Planners and local governments both know that convention center capacity is a critical determinant of site selection. Cities that devote funds and square footage to building, maintaining and expanding state-of-the-art meeting facilities reap rewards in the form of increased meetings and conventions bookings, room night sales and visitor spending.
But what happens when a premier meeting city enters contract negotiations with its largest event client as its long-awaited convention center expansion faces an uncertain future? That scenario is playing out now as San Diego and Comic-Con International work toward an agreement to keep the reigning king of all comic book conventions in its longtime home after the current deal expires in 2018.
Comic-Con has been held in San Diego since it debuted in 1970 to an audience of some 300. Now, more than 130,000 fans flock to the annual gathering—celebrating comic books, video games, science fiction and fantasy films and literature—that attracts worldwide attention and scores of celebrity panelists.
Despite the presence of the 2.6 million-square-foot San Diego Convention Center, facilities in the booming meetings and conventions destination have struggled to keep up with demand. The convention center, which opened in 1989, welcomed nearly 825,000 guests to 158 events in fiscal year 2016.
“During that period,] events in our facility generated $1.1 billion in regional impact and $23.9 million in hotel and sales tax revenue into the city of San Diego’s General Fund,” said Clifford Rippetoe, president and CEO of San Diego Convention Center Corporation, in a statement released Jan. 13, in partnership with San Diego Tourism Authority (SDTA).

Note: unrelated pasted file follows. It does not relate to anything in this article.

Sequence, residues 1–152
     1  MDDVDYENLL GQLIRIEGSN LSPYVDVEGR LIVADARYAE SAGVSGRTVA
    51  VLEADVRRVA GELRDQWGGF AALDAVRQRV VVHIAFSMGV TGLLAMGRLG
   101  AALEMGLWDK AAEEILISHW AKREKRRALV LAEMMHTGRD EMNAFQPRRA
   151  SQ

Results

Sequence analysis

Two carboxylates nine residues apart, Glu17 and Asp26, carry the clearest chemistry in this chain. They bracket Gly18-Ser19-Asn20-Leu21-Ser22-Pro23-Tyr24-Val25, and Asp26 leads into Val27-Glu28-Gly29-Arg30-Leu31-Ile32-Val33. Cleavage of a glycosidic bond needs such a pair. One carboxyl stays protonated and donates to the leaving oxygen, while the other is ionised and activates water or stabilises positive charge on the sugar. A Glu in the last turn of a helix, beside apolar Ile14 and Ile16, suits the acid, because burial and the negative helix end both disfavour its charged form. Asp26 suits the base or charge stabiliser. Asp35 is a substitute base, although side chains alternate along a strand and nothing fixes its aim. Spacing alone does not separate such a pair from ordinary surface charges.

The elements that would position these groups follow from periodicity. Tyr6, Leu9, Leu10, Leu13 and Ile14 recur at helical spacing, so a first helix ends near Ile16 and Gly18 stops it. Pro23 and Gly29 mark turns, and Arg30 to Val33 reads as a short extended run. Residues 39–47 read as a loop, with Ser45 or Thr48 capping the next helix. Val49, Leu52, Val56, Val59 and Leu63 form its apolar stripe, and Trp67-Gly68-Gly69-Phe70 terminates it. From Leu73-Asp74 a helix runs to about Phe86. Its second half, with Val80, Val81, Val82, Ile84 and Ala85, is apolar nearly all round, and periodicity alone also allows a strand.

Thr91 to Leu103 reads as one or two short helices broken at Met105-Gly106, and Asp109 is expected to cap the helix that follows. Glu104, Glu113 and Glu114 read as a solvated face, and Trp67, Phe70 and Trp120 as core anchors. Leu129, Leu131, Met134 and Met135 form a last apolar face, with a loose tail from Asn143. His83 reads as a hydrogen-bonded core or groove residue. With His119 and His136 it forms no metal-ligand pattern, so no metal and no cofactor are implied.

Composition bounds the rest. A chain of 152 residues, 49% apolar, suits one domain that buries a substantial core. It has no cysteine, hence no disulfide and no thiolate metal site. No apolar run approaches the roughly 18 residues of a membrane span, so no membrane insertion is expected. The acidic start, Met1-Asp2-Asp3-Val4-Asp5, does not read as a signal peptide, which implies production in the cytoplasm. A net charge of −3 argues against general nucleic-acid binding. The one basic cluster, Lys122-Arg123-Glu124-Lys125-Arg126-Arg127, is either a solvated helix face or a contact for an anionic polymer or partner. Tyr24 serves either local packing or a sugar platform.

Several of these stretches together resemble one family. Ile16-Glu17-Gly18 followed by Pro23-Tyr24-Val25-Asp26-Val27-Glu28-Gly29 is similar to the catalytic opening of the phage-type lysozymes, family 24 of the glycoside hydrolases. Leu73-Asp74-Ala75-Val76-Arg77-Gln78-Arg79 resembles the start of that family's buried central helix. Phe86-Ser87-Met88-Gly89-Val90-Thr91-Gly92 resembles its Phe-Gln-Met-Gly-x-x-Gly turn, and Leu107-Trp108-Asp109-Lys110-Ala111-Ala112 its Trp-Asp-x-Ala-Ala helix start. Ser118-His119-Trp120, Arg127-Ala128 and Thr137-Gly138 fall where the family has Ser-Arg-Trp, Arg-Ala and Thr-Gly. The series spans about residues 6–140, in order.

But the behemoth venue no longer feels so spacious. “Our clients have told us for years that an expanded convention center is needed to meet the demand for hosting conventions in San Diego and stay competitive in the marketplace,” said Joe Terzi, president and CEO of SDTA, in the same statement.
As the largest annual convention held in San Diego, Comic-Con is acutely aware of the space strain. To alleviate the issue, events have spilled over into nearby hotels in recent years. While workable, the campus-like approach is viewed as a stopgap measure on the way to the ideal solution—a contiguous addition to the existing convention center.
Convention center expansion plans have languished since 2014, when the appellate division of the San Diego County Superior Court declared that plans to fund the project with hotel tax revenue were unconstitutional. The expansion effort scored one legal victory by way of a Jan. 25, Superior Court ruling that the proposed development does not violate existing state environmental legislation. The funding matter stands unresolved.
It remains to be seen if San Diego and Comic-Con will emerge from this period of uncertainty with their premier pairing intact. The San Diego Union-Tribune reports that the two parties have agreed in principle to negotiate a new three-year deal. In addition to meeting space, accessible hotel room rates figure to play a significant role in the talks.